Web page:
Coronavirus (COVID-19) is disrupting hiring practices and working environments at companies of all sizes. Managers and HR departments are getting creative to keep business running smoothly, while implementing widespread changes to the hiring process.
Whether you’re hiring as normal, or need a sudden influx of temporary workers to support outbreak-related response needs, here are a few ways companies can adapt to a changing employment landscape.
Video tools for interviews and meetings
Many companies rely on platforms like Zoom or Skype, when needed, to conduct day-to-day business. But both job seekers and hiring managers should expect to utilize these tools heavily if travel and in-person meetings become restricted while the situation becomes contained, especially if there are large employee bases in regions most heavily impacted by the virus.
Remote work capabilities
Working from home may become the new standard as companies work to avoid spreading the virus in compact office spaces. Managers, hiring leaders, employees and even job seekers should anticipate leaning on platforms that allow for collaborative work. SharePoint, Google Docs, Microsoft Teams or Slack, and Dropbox are popular examples of how file-sharing and communicating can remain effective. These tools accommodate real-time edits and instant feedback, replicating in-person meetings and conversations.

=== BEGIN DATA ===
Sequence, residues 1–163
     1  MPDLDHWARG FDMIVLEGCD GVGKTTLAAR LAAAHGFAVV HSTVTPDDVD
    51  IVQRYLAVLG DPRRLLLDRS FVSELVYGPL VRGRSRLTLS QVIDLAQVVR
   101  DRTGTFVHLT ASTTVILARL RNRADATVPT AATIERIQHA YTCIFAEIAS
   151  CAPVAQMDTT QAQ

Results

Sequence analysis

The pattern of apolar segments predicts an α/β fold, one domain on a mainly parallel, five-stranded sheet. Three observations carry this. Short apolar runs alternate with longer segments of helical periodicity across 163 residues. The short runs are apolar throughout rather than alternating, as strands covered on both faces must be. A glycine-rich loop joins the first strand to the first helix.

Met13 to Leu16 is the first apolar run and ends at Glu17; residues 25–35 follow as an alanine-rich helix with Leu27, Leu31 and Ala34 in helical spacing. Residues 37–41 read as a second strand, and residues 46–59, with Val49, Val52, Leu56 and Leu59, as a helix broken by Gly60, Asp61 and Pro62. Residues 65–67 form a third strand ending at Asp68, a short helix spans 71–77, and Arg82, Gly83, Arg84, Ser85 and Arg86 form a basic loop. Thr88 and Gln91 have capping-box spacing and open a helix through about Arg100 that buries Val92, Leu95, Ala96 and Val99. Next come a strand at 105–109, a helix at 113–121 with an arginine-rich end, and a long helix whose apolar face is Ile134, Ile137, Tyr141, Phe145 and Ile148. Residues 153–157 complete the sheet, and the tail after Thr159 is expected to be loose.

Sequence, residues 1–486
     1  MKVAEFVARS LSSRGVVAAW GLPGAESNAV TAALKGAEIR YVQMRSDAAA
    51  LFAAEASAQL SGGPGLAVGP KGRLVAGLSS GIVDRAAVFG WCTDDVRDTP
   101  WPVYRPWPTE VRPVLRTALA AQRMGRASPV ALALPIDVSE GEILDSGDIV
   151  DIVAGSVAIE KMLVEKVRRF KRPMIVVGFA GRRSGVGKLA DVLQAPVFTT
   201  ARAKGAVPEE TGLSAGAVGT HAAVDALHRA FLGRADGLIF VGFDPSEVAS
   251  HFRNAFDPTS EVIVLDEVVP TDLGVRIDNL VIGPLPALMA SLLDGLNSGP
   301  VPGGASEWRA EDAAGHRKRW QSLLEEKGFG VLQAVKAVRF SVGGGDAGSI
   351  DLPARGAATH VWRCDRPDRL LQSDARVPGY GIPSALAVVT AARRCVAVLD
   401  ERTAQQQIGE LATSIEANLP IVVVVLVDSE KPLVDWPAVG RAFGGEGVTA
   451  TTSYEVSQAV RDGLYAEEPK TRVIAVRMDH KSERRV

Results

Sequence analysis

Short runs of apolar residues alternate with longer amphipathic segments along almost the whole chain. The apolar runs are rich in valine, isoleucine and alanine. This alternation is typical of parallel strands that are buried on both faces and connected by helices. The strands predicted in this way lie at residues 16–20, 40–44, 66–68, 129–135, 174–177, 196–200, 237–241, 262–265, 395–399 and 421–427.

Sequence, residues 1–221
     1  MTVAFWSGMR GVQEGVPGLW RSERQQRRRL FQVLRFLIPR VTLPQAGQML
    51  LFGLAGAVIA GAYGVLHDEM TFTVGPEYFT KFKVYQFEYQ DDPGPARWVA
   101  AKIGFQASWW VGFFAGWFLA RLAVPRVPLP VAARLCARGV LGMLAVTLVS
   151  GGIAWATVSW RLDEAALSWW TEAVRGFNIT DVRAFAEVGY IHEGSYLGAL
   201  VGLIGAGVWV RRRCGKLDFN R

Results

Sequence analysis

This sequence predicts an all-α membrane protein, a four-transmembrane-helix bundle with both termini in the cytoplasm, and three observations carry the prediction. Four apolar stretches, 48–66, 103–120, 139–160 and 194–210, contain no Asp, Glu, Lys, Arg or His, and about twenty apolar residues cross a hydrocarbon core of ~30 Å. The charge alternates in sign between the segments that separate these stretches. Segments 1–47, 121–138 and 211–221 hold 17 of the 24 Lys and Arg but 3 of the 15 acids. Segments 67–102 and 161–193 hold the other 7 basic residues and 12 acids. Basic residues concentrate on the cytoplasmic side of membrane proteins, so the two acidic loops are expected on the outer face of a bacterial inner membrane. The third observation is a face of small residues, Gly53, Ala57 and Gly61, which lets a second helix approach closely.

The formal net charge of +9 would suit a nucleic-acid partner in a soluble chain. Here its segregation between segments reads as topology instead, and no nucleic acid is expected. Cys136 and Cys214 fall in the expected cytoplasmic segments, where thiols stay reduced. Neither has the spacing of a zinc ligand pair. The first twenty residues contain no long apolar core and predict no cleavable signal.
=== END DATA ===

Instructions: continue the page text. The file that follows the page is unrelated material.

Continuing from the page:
Recruiting at a distance
With a reliance on video tools, phone calls and remote work, hiring could start to feel less personal. One way to prevent or lessen that effect is to promote and maximize your employee referral program, while tapping into a talent network or candidate pool you might have. Generally, these are going to be past employees, friends or family of current employees, and applicants who might have not been a perfect fit for a previous job but are great candidates nonetheless. Empower your employees to share on their social media channels about their employment experience, and reach out to past applicants via email or phone, to optimize your remote recruiting process.
Support and retain current employees
Only 55% of workers have access to paid time off, and many hourly workers – in industries like hospitality and food service – lack protections outside of their hours on the clock. These employees tend to be lower income and will be hit the hardest without remote work options and the ability to physically work.
Companies can work to understand the layers of challenges their workers might face in this situation, from not feeling encouraged to take time off to simply not being able to do so. In addition to providing hand sanitizer and wipes to reduce germs, and adapting to a remote work policy, organizations should consider temporary policies and programs to protect hourly workers from less time on the clock.